Published: Aug. 23, 2015

Photo Essay by Holly Gayley

The largest Buddhist institution on the Tibetan plateau can be found in nomadic areas of northern Kham, tucked in a valley just off the main road. Larung Buddhist Academy is an ecumenical institute focused on a monastic curriculum of scholastic study and home to well over ten thousand monks and nuns. Emerging as an encampment in the early 1980s, it was established as a Buddhist academy in 1987 by Khenpo Jigme Phuntsok (1933–2004), a towering figure in the revitalization of Buddhism in the post-Mao era, with the help of the Tenth Paṇchen Lama. Over the past three decades, Larung Buddhist Academy (also known as Larung Gar) has played an important role in revitalizing monastic scholasticism among the Nyingma and Kaygu traditions in eastern Tibet.

In addition, Larung Buddhist Academy is now the epicenter of an ethical reform movement spreading in nomadic areas surrounding Serta since at least 2010. One of Khenpo Jigme Phuntsok's principal successors, Khenpo Tsultrim Lodrö (who visited CU Boulder in April 2015) has spearheaded this movement, and its implementation is being conducted by local monasteries in the region through mass vow-taking ceremonies. I discuss this movement in my article, "Reimagining Buddhist Ethics on the Tibetan Plateau" in the Journal of Buddhist Ethics (2013)  and the controversy it has sparked in "Controversy over Buddhist Ethical Reform" in the latest issue of the journal Himalaya (2016).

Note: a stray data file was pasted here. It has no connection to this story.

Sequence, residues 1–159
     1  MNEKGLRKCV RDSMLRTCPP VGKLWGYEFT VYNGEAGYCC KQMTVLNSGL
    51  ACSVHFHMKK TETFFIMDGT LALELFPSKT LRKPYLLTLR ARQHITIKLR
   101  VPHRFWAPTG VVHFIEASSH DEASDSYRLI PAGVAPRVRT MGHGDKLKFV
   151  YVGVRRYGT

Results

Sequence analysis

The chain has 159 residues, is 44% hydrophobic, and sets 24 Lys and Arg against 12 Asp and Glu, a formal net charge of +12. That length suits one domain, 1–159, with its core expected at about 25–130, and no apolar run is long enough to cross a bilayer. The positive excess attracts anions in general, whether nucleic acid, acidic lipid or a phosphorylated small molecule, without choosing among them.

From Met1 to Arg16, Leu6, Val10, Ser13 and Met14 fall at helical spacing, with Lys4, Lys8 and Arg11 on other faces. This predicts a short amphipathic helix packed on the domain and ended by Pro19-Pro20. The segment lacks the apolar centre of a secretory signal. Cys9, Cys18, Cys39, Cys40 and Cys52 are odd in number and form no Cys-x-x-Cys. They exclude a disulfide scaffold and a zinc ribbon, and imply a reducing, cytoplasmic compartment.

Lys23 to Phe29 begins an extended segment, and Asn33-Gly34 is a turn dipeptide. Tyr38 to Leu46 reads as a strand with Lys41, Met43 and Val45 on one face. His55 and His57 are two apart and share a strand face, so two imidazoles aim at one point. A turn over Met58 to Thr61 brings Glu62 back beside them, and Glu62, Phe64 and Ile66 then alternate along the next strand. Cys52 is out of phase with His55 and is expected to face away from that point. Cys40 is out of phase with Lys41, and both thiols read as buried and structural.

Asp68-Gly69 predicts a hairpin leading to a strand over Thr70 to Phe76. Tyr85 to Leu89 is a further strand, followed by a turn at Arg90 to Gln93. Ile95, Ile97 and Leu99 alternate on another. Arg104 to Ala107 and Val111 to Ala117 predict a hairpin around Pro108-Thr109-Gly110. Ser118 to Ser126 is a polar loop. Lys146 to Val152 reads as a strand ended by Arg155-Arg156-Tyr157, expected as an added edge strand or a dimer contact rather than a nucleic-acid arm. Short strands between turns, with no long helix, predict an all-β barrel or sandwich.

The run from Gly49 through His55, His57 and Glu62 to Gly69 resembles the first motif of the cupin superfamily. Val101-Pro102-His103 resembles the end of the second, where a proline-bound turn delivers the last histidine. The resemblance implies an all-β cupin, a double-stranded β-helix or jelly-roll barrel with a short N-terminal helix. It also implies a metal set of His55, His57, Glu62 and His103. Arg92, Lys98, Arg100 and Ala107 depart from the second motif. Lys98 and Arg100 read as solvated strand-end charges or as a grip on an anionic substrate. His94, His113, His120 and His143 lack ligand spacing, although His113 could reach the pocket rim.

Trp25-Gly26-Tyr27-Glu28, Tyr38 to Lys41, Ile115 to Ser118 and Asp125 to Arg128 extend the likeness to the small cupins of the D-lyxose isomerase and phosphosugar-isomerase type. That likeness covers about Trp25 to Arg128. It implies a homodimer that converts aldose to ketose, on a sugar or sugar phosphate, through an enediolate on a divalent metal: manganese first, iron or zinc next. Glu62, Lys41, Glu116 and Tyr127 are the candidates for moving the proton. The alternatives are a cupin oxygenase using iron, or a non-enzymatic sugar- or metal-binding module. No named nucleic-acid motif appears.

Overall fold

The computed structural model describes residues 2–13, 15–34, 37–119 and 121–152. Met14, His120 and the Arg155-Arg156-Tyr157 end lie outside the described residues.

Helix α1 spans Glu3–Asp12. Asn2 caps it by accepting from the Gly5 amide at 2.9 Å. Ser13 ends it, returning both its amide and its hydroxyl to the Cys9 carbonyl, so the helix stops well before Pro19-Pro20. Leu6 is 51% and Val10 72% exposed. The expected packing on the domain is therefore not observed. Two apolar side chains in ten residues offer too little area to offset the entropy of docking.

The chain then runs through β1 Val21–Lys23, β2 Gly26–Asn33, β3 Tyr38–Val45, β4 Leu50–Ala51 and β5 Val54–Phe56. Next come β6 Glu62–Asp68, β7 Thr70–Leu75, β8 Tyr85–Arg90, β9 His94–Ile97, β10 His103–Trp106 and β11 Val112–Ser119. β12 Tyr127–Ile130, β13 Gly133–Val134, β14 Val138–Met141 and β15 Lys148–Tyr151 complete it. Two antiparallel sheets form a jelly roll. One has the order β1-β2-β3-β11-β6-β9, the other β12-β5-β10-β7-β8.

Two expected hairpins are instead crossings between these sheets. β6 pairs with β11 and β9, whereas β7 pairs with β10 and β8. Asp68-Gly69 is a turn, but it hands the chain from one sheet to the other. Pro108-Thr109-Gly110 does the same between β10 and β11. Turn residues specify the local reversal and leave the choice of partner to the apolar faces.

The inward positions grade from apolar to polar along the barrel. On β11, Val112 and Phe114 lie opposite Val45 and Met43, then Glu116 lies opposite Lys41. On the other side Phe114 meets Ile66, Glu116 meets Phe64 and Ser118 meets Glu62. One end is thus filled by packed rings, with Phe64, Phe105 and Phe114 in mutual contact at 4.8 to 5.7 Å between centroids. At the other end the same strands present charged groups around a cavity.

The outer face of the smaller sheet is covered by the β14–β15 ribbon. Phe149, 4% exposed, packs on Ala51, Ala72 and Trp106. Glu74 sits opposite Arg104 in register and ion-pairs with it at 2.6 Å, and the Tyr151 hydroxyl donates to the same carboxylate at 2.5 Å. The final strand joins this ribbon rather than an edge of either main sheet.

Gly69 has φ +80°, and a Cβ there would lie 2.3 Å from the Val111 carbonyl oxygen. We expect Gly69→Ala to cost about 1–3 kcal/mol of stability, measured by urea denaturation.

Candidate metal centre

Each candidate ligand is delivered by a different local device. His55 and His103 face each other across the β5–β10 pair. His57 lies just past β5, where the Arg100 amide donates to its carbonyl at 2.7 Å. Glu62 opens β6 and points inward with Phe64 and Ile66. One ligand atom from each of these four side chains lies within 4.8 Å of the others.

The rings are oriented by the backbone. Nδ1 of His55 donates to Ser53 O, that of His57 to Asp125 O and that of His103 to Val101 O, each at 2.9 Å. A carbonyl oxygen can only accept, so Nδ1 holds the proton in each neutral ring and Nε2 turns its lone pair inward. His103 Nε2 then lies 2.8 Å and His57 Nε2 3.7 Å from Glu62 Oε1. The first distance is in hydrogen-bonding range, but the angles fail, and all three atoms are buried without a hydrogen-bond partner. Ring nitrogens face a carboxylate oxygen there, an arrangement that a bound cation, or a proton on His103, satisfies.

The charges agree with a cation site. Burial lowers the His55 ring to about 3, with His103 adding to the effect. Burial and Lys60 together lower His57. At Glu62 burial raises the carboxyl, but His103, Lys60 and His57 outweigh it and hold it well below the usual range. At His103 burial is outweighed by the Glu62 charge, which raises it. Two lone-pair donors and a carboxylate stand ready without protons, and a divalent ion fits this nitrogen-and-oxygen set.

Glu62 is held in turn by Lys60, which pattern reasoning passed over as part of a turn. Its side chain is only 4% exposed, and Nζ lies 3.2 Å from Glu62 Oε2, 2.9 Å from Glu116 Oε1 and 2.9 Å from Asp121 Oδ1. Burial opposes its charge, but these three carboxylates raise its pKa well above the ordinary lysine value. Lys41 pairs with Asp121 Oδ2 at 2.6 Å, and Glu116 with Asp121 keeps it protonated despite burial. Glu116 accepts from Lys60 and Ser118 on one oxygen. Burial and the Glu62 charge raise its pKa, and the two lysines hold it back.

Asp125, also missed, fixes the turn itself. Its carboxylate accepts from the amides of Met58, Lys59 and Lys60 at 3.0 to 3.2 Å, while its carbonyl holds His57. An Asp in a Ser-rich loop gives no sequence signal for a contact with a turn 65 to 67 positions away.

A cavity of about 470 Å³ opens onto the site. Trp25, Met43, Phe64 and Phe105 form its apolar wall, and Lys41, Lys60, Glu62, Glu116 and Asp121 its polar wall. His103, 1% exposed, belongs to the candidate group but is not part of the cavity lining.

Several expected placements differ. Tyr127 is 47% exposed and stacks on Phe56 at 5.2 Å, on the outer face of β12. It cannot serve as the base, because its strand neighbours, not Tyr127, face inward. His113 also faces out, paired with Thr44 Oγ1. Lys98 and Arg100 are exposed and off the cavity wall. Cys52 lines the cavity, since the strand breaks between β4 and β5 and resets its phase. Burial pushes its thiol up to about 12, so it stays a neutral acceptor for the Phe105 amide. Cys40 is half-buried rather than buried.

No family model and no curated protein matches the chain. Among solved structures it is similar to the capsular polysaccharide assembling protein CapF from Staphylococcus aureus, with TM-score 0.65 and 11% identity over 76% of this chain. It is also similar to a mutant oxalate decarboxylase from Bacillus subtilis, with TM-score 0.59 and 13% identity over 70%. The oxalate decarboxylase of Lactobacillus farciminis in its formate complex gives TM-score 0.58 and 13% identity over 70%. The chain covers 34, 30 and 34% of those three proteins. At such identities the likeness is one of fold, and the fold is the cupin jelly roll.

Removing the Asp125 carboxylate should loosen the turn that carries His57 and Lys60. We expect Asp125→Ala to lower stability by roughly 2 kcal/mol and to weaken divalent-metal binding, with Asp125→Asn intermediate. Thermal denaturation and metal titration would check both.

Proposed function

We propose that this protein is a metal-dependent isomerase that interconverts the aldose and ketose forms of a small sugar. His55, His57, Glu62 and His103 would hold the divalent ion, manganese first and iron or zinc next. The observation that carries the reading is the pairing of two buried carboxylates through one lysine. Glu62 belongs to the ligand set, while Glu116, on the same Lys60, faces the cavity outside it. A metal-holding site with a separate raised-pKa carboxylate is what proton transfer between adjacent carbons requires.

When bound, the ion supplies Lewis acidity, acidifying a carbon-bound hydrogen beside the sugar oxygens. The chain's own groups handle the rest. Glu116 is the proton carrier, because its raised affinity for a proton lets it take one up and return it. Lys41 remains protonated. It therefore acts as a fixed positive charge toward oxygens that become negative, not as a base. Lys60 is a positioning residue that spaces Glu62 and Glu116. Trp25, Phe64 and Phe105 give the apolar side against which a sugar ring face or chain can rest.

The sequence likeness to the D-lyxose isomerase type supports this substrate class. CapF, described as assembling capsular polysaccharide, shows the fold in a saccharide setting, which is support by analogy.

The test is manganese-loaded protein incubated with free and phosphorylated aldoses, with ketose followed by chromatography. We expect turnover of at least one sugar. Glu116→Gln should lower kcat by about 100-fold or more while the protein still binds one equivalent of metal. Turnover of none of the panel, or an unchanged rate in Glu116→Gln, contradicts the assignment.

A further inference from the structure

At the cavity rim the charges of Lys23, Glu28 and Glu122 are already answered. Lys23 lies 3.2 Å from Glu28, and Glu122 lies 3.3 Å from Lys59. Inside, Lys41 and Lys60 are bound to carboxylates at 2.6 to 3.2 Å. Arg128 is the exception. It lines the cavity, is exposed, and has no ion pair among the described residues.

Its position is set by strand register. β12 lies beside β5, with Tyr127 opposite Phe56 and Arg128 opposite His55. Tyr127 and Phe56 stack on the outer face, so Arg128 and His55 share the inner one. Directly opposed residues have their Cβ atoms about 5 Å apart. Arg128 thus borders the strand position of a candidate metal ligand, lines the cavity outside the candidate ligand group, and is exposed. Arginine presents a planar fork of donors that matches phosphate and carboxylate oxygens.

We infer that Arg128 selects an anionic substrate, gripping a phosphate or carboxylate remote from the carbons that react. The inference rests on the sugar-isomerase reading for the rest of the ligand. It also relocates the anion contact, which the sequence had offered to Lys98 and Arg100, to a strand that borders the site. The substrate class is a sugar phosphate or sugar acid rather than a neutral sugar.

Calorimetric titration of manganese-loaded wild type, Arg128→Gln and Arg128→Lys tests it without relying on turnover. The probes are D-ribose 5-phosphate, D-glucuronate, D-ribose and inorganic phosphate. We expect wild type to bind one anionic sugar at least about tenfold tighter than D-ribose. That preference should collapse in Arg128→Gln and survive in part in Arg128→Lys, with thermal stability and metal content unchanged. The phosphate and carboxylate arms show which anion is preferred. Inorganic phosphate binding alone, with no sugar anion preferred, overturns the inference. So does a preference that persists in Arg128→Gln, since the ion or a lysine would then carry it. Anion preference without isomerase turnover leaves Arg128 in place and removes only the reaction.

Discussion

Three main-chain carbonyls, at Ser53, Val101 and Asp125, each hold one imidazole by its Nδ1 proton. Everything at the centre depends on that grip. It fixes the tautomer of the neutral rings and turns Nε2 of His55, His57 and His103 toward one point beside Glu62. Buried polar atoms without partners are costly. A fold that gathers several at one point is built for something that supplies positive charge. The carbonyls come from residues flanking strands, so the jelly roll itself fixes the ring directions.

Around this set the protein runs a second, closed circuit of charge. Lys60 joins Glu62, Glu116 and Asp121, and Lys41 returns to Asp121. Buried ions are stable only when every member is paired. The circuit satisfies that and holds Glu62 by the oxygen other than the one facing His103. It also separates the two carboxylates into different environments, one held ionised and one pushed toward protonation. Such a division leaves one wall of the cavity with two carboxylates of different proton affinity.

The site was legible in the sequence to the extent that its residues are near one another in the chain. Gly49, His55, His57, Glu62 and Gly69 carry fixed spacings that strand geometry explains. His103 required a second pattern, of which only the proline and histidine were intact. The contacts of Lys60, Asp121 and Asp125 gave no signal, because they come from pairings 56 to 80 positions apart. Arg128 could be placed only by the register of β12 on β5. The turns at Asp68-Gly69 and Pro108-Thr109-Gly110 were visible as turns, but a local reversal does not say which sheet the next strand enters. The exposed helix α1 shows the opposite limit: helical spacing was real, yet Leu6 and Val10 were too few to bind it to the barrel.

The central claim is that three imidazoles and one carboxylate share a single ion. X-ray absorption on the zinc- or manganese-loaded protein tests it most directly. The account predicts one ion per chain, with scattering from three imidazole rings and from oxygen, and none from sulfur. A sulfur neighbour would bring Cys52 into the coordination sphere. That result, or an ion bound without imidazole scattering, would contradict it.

This photo essay shows the grand scale of Larung Buddhist Academy, with separate three-story buildings containing the respective assembly halls and classrooms for monks and nuns, thousands of monastic residences scattered across its hillsides, and the shimmering "magical illusion" (sgyu 'phrul) temple at the top of the ridge. I trace a route from Golok to the north, which I have traversed numerous times in the past ten years in visiting monasteries in the region. The photos begin in the county seat of Padma and follow a dirt road through the grasslands until reaching Serta and finally Larung Buddhist Academy.

For the latest news on Larung Buddhist Academy, visit Radio Free Asia.